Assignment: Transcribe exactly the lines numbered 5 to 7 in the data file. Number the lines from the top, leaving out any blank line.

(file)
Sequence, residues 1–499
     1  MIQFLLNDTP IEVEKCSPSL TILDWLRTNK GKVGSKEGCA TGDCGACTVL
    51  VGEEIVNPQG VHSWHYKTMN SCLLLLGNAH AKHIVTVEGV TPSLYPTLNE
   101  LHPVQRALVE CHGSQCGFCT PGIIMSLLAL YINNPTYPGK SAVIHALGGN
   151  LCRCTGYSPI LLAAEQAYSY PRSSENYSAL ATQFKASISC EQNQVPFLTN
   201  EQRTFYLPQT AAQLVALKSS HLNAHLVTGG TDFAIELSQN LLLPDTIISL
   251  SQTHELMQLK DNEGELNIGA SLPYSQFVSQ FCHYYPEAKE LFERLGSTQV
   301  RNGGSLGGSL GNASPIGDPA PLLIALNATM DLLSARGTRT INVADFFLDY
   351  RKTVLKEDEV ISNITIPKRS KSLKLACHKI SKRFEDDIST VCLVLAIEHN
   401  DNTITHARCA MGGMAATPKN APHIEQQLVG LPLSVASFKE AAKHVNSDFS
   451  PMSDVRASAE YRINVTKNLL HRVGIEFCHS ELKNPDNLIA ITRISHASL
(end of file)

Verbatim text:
   151  LCRCTGYSPI LLAAEQAYSY PRSSENYSAL ATQFKASISC EQNQVPFLTN
   201  EQRTFYLPQT AAQLVALKSS HLNAHLVTGG TDFAIELSQN LLLPDTIISL
   251  SQTHELMQLK DNEGELNIGA SLPYSQFVSQ FCHYYPEAKE LFERLGSTQV